Philipp Singer, Sylvain Dubroqua and Benjamin K. Yee Pages 3771 - 3787 ( 17 )
While pharmacological blockade of dopamine D2 receptor can effectively suppress the psychotic or positive symptoms of schizophrenia, there is no satisfactory medication for the negative and cognitive symptoms of schizophrenia in spite of the proliferation of second generation antipsychotic drugs. Excitements over a new class of third generation antipsychotics that might possibly fill this urgent medical need have been prompted by the recent development of glycine transporter 1 (GlyT1) inhibitors. The impetus of this novel pharmacological strategy stems directly from the prevailing hypothesis that negative and cognitive symptoms are attributable to the hypofunction of glutamatergic signalling via the N-methyl-D-aspartate (NMDA) receptor in the brain. Inhibition of GlyT1 reduces clearance of extra-cellular glycine near NMDA receptor-containing synapses, and thereby increases baseline occupancy of the glycine-B site at the NR1 subunit of the NMDA receptor, which is a prerequisite of channel activation upon stimulation by the excitatory neurotransmitter glutamate. Pharmacological inhibition of GlyT1 is expected to boost NMDA receptor function and therefore alleviate persistent negative and cognitive symptoms without excessive risk of excitotoxicity associated with direct NMDA receptor agonists. The recently completed phase III clinical trials of the Roche compound, bitopertin (a.k.a. RG1678 or RO-4917838) had initially raised hope that this new class of drugs might represent the first successful translation of the glutamate hypothesis of schizophrenia to the clinic. However, the outcomes of the multi-centre bitopertin clinical trials have been disappointing. The present review seeks to examine this promise through a critical survey of the latest clinical and preclinical findings on the therapeutic potential of GlyT1 inhibition or down-regulation.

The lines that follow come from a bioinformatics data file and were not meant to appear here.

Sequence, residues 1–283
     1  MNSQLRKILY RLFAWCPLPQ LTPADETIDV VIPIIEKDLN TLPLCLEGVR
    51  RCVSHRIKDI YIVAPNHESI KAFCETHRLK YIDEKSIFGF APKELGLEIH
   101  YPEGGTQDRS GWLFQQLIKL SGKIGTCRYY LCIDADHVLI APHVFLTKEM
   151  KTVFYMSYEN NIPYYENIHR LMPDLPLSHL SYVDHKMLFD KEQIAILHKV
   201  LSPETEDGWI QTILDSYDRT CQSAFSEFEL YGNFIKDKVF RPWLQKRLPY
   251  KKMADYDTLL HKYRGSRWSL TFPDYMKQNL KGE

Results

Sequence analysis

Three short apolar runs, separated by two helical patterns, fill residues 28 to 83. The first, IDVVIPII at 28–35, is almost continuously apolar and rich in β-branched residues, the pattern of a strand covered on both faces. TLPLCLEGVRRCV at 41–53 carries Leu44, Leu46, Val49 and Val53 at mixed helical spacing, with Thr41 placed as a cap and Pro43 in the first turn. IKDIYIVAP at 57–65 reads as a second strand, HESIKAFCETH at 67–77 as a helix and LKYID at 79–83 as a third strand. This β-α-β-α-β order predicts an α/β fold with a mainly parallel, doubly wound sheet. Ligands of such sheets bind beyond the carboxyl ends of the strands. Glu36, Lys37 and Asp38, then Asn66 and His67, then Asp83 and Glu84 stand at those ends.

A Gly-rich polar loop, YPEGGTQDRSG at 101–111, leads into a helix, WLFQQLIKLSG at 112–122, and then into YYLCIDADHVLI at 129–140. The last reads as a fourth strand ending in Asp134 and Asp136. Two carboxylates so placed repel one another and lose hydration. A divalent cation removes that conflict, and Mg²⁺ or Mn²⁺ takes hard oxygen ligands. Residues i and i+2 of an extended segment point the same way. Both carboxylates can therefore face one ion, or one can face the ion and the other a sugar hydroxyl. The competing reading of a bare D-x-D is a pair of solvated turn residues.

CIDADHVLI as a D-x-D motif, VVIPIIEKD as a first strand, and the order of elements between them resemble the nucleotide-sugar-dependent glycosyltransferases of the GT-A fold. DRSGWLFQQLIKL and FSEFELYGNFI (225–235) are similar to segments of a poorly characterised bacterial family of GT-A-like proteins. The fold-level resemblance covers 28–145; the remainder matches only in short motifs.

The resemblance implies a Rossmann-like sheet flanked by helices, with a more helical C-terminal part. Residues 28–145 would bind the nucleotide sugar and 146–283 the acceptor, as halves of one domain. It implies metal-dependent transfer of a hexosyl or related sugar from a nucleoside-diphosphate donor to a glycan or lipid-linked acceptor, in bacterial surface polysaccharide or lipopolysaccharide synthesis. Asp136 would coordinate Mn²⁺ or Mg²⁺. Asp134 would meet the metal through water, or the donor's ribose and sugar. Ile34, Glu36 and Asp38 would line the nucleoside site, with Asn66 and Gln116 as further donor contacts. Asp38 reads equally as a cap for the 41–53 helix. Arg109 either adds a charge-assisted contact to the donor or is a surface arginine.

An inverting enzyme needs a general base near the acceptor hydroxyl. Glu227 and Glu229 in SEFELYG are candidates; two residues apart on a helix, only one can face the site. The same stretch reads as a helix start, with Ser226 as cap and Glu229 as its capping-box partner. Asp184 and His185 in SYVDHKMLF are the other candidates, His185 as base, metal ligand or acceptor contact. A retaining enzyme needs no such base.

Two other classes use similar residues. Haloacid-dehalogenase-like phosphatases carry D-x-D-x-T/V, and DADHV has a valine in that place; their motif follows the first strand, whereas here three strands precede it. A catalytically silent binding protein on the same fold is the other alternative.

Antipsychotics, Bitopertin, Glycine, GlyT1, NMDA receptor, RG1678, RO-4917838, Schizophrenia.
Institute of Brain and Cognitive Science, NYU Shanghai, China.